In the method of the disclosed invention, the moving DLT is used without offset in overlapping area to estimate the local homography, and extrapolate to the non overlapping area using homography linearization, as described in the following section.

This reduces the perspective distortion, and weighting scheme for extrapolation of the disclosed invention is less sensitive to parameter selections compared to other state-of-the-art approaches.

Homography Linearization

The extrapolation of homographic transformation in the non-overlapping areas produces extreme and un-natural scaling effects, as seen in FIG. 1B. The reason for this effect can be understood by considering the 1-D perspective transform,

x = ax + b cx + d .

If a computer processor estimates the parameters {a, b, c, d} using a set of corresponding points, outside the range of the available corresponding points as well, the relationship between x and x′ will be non-linear. This translates to severe perspective distortion in 2-D. However, this distortion can be minimized by linearizing the transformation.

With images, the linearization of homography at any point q in the neighborhood of the anchor point p can be understood by considering the Taylor series of the homographic transformation h(q), where h: 22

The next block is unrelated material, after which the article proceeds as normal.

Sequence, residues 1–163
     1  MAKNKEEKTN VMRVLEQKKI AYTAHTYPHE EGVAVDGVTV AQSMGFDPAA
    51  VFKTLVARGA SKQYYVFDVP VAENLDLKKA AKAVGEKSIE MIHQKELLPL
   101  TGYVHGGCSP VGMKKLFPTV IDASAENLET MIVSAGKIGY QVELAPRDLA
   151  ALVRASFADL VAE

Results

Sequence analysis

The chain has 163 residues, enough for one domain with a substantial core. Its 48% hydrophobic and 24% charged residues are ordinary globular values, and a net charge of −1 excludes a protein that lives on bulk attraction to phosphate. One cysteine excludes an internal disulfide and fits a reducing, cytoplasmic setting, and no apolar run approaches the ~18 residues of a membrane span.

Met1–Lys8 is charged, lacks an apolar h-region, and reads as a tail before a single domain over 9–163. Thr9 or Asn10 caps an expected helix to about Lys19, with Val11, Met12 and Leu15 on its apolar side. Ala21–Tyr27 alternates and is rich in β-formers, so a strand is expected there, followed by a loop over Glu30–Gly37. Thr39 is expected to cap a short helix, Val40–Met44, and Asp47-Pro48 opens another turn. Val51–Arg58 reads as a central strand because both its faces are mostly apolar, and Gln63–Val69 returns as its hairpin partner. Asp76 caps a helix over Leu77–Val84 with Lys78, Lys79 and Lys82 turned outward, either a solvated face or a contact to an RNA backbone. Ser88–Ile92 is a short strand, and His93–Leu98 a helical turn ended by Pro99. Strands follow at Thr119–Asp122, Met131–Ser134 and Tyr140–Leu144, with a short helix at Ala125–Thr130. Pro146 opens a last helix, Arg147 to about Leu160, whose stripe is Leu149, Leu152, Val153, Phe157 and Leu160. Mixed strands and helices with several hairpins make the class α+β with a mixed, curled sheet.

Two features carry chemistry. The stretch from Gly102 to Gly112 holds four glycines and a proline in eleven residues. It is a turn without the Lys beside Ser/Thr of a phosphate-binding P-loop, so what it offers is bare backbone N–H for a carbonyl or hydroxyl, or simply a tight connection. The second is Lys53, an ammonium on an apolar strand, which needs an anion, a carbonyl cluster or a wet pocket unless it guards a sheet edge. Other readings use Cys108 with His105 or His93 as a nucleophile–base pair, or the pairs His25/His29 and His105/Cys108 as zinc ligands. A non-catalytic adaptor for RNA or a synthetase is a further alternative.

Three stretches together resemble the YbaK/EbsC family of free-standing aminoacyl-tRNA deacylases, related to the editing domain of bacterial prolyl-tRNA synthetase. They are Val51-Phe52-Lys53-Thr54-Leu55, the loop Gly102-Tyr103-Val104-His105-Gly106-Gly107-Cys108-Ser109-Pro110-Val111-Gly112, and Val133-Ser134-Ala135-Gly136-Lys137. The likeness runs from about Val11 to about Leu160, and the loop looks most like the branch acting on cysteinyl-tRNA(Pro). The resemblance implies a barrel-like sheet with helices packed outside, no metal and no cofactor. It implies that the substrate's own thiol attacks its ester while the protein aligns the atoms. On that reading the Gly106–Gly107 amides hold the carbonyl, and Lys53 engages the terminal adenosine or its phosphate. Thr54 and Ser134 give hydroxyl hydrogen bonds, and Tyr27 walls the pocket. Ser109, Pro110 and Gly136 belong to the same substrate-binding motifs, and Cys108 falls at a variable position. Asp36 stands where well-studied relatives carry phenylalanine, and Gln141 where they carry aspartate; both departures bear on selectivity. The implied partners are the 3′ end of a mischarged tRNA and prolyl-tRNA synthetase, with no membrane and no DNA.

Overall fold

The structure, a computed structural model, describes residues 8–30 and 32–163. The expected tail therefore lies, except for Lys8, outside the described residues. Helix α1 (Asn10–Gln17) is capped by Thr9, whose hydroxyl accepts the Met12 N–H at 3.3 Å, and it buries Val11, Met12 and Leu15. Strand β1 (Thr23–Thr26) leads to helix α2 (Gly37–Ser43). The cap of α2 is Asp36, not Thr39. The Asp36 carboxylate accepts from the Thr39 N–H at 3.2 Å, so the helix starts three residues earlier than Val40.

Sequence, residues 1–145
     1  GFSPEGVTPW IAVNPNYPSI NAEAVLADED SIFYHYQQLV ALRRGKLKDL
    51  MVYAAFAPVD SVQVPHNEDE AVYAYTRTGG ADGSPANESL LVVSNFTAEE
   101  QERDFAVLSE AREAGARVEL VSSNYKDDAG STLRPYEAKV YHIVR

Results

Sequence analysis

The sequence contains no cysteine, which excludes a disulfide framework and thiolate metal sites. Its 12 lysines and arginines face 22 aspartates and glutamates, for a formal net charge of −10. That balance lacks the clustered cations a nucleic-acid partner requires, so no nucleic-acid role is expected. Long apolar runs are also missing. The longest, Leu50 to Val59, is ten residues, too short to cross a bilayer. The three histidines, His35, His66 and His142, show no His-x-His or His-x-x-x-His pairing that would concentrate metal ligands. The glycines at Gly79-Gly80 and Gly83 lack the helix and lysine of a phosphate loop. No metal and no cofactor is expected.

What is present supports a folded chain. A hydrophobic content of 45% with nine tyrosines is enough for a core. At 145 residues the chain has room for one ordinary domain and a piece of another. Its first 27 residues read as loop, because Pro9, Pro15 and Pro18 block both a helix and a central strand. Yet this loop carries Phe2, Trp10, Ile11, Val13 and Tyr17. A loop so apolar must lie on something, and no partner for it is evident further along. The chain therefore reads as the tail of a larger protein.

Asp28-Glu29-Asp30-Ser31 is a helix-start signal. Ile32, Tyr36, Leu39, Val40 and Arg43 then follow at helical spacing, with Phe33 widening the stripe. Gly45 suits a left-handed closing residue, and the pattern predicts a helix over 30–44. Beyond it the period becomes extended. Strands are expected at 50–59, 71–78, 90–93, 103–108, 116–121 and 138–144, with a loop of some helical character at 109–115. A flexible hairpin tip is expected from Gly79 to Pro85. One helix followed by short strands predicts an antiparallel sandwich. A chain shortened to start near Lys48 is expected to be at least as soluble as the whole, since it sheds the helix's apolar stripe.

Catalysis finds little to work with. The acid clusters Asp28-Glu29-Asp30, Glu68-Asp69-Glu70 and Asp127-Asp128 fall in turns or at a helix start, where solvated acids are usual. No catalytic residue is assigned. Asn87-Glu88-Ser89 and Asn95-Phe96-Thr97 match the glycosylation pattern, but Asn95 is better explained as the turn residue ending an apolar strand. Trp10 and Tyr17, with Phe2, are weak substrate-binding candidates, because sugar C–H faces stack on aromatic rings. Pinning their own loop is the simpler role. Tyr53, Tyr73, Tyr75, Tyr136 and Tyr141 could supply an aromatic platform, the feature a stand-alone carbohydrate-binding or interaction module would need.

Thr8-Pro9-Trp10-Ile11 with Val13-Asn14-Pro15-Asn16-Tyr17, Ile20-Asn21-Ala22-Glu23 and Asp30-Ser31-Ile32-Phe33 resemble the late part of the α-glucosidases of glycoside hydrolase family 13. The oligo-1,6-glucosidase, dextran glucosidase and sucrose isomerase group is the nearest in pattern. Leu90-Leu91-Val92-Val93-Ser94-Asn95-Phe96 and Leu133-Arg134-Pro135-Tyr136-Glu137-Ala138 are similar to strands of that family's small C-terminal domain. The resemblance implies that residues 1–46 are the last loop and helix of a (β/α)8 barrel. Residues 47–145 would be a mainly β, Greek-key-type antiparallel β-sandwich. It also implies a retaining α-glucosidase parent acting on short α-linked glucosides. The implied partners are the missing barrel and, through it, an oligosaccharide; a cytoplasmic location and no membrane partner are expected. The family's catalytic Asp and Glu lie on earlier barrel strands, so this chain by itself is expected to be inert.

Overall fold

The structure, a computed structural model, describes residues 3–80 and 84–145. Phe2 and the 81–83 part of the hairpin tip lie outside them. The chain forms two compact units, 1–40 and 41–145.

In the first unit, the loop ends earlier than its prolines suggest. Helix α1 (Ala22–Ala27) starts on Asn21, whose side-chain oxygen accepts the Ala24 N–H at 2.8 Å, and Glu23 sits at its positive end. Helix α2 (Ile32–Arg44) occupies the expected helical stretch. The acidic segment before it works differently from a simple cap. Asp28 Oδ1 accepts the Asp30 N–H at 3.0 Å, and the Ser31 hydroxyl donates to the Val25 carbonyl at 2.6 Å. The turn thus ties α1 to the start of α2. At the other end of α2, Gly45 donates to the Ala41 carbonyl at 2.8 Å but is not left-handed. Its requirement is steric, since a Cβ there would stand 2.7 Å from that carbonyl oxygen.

h(q)=h(p)+Jh(p)(q−p)+o(∥q−p∥),  (10)

where Jh(p) is the Jacobian of the homography h at the point p. The first two terms in formula (10) provide the best linearization for h(q), and it will be denoted as hpL(q). Since, if h is differentiable at p, Jh(p) is invertible, the linearization of homography is an affine transformation. However, it is not straightforward to compute linearization at an arbitrary point q in the non-overlapping region as in the case of 1-D data, since the boundary between the overlapping and the non-overlapping regions could contain multiple points and one would not know where the Jacobian has to be computed. Therefore, one would consider anchor points in the boundary for linearization and compute a weighted average of the transformations. For a set of R anchor points {pi}i=1R at the boundary with possibly different local homographies, the weighted combination of linearizations is given as: